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Overall Best In Show Two Dads Cafe N Catering


Culligan Water




Panera Bread

67 | March

SEEN IN BRISTOL | Image Essentials


Jennifer Lilly, Clark Hernandez and Hope Fitzgerald

Keisha Perkins and Jerome Julian

Dalian, Julian, Julian Sr. and Clark Hernandez

Image Essentials hit a HUGE milestone at the

How have they hit such a huge number of pounds?

medical examination, vitamins, B-12 and nutritional

beginning of this year. Since the premier weight

Image Essentials holds the most experience of


loss, health, nutrition and fitness center opened

any weight loss, nutrition and fitness clinic in the

12 years ago, they have helped their clients lose

Tri-Cities. Their mission is to create a community of

a record number of pounds – a total of 250,000!

wellness and change the lives of people in our area. locations in Bristol, TN and Kingsport, TN. Their

Yes that’s right, Image Essentials has proudly

It is clear they are succeeding.

assisted and witnessed clients melt away 250,000

Image Essentials currently has convenient expert team of doctors, physician assistants, weight loss counselors and fitness trainers love

pounds which is on average 20,833 pounds a

Image Essentials offers all the latest and greatest

year or the weight of a 70 ft. blue whale and a

products and solutions, such as the HCG diet. Their quality of life and will design a program to meet

greyhound bus combined! The Clinic celebrated

exclusive line of health, wellness, nutrition, and anti- weight loss, health/wellness, nutritional and fitness

this accomplishment with an open-house event and

aging products include vitamins, minerals, amino

goals. If you’re ready to make a change, please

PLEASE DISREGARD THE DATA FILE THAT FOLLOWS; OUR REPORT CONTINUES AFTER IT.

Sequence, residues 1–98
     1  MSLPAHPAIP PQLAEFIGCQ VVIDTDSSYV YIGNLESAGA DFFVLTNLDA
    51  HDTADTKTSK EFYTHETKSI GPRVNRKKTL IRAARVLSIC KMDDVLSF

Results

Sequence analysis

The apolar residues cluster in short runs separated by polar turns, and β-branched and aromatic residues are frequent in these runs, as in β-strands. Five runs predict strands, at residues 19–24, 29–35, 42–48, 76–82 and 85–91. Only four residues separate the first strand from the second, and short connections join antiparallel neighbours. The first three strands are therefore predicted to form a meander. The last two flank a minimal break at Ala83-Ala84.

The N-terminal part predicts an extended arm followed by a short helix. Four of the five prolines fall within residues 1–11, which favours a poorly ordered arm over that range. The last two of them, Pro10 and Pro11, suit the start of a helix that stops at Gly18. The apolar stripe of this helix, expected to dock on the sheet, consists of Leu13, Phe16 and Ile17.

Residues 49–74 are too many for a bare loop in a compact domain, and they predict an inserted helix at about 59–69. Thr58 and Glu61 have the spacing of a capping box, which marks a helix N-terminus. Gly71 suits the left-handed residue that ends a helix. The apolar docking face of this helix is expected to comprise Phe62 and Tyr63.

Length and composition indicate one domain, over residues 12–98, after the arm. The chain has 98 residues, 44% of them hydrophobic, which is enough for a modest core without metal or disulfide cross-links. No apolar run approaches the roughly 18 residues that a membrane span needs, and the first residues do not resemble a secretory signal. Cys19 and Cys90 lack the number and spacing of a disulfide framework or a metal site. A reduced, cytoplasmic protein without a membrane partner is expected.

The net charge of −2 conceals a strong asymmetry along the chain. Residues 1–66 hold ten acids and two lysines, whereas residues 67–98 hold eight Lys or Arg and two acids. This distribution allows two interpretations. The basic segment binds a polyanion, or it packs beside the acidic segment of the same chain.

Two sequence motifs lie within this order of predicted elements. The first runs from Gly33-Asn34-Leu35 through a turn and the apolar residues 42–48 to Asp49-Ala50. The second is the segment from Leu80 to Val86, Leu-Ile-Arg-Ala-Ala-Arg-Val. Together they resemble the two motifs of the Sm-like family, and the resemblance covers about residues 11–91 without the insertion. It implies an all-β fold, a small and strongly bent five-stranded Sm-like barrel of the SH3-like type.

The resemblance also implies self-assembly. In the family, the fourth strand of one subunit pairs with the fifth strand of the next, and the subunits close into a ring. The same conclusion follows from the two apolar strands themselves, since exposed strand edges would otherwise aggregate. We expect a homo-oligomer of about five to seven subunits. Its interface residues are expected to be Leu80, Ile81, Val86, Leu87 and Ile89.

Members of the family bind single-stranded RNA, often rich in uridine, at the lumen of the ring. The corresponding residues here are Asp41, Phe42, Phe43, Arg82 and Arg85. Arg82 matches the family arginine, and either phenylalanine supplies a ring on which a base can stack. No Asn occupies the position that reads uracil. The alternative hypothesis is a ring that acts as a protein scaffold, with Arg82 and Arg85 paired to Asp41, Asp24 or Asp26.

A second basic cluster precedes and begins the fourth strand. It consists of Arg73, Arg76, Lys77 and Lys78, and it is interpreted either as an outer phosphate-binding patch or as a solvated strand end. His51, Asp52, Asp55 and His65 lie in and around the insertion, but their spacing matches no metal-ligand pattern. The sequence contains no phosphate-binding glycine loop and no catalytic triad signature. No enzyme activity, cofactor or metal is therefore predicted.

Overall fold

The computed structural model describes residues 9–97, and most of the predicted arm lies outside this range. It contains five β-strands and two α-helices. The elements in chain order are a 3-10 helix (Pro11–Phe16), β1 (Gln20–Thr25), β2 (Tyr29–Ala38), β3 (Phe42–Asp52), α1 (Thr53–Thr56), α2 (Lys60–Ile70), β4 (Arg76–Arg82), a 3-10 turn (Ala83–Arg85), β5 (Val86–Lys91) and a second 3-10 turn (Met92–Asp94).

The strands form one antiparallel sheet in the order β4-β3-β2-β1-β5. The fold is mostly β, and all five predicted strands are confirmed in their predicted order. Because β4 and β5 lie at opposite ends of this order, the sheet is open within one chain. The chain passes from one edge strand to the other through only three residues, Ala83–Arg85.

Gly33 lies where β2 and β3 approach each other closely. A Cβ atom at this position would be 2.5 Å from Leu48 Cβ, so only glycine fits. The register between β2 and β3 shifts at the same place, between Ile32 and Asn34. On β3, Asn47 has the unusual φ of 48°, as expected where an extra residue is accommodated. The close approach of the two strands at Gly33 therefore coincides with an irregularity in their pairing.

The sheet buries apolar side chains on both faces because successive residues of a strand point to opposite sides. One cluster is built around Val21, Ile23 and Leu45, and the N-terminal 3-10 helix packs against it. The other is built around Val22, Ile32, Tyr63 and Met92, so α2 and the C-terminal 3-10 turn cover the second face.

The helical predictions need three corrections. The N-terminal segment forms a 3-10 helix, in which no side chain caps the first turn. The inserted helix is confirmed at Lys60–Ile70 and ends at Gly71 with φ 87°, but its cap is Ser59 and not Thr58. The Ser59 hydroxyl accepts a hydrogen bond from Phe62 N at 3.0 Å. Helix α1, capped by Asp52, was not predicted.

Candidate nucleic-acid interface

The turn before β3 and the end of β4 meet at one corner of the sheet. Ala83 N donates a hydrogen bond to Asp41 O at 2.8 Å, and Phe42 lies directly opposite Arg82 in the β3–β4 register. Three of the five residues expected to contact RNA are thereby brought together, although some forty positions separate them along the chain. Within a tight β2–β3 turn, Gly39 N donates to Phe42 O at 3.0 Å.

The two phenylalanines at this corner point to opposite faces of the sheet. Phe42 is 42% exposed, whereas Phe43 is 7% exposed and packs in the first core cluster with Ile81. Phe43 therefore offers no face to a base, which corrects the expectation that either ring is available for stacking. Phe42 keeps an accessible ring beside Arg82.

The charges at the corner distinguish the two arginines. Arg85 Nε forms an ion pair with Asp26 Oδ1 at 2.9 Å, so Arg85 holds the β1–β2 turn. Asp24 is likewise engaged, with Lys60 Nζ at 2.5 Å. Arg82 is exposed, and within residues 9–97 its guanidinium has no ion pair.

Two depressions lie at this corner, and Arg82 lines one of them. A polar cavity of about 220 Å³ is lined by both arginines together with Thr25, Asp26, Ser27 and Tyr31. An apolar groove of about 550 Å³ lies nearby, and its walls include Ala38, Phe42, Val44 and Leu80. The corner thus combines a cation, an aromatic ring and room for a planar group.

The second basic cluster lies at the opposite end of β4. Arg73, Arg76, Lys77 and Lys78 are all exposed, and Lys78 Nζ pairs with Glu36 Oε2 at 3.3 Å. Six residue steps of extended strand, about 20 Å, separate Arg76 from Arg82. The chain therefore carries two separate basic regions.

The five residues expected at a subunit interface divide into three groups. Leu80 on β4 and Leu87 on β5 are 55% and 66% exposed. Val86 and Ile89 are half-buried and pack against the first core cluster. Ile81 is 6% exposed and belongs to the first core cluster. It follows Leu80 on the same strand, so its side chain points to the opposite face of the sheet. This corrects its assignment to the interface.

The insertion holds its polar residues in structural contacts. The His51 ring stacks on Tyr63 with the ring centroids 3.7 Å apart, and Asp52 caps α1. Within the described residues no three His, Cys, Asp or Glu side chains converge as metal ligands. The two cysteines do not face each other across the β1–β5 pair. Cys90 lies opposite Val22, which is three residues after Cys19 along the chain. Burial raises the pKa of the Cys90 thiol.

ribbon cutting. They offered fruit and veggies along

acids, antioxidants and supplements. The goal is

visit them at one of these locations or at www.

meeting with anyone interested in improving their

with other good foods and invited everyone who has not only for their clients to lose weight but also gain or would like to begin a new life to join in the fun.

a new lifestyle. All of their programs are medically supervised and include a complete medical history,

Photography by: Reece Hill Photography Story by: Savanna Smith

Amy Shuttle, Chelsea Gammon, Jack Woolley, April Taylor, Clark Hernandez, and Jack & Carolyn Young



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Happy Birthday, Ryan

Happy Birthday, Lark Adams

Happy Birthday, Mandy Turner

Happy Birthday, Barb Street

Happy Birthday, Deanna Stamper

Happy Birthday, Etta Clark

Happy Birthday, Amber Amrbrister

Happy Birthday, Lonnie Salyer

Happy Birthday, Lucy Fleming

Happy Birthday, Linda Bowman

Happy Birthday, Dave Clark

Happy Birthday, Robin Cleary


Happy Birthday, Suzanne Justice

Happy Birthday, Alistair Ares

Happy Birthday, Nathan Shockley

Happy Birthday, Tim Banion

Happy Birthday, Veronica Hurley




VIPSEEN was invited to Dobyns-Bennett High School for National Signing Day on February 6 where seven young men signed to play college sports.

Jacob Weismann – Defensive Lineman Maryville College

Warren Austin – Soccer East Tennessee State University (ETSU)

Warren Austin and Austin Pate, D-B soccer’s players signed on to play soccer for two different colleges. Austin will join the ETSU soccer team while Pate signed to play for Messiah College in Pennsylvania. Both Austin and Pate started for the Indians soccer team during their freshman year. During their high school career, Pate played 63 games while Austin played 70 games for the Indians. Trevor Gilliam, defensive lineman dominated during his last two years at D-B with 4 forced fumbles and 132 tackles. Gilliam also played on offense as a tight end where his blocking led to 12 touchdowns and 8 pancake blocks. Gilliam signed with the University of Charleston, West Virginia. Maryville College gains another one of D-B’s finest, Jacob Weismann. Weismann’s position as defensive lineman played a large part of the Indians’ 2012 success. Weismann is putting his education as his main objective during his Maryville College experience while having a great time playing football.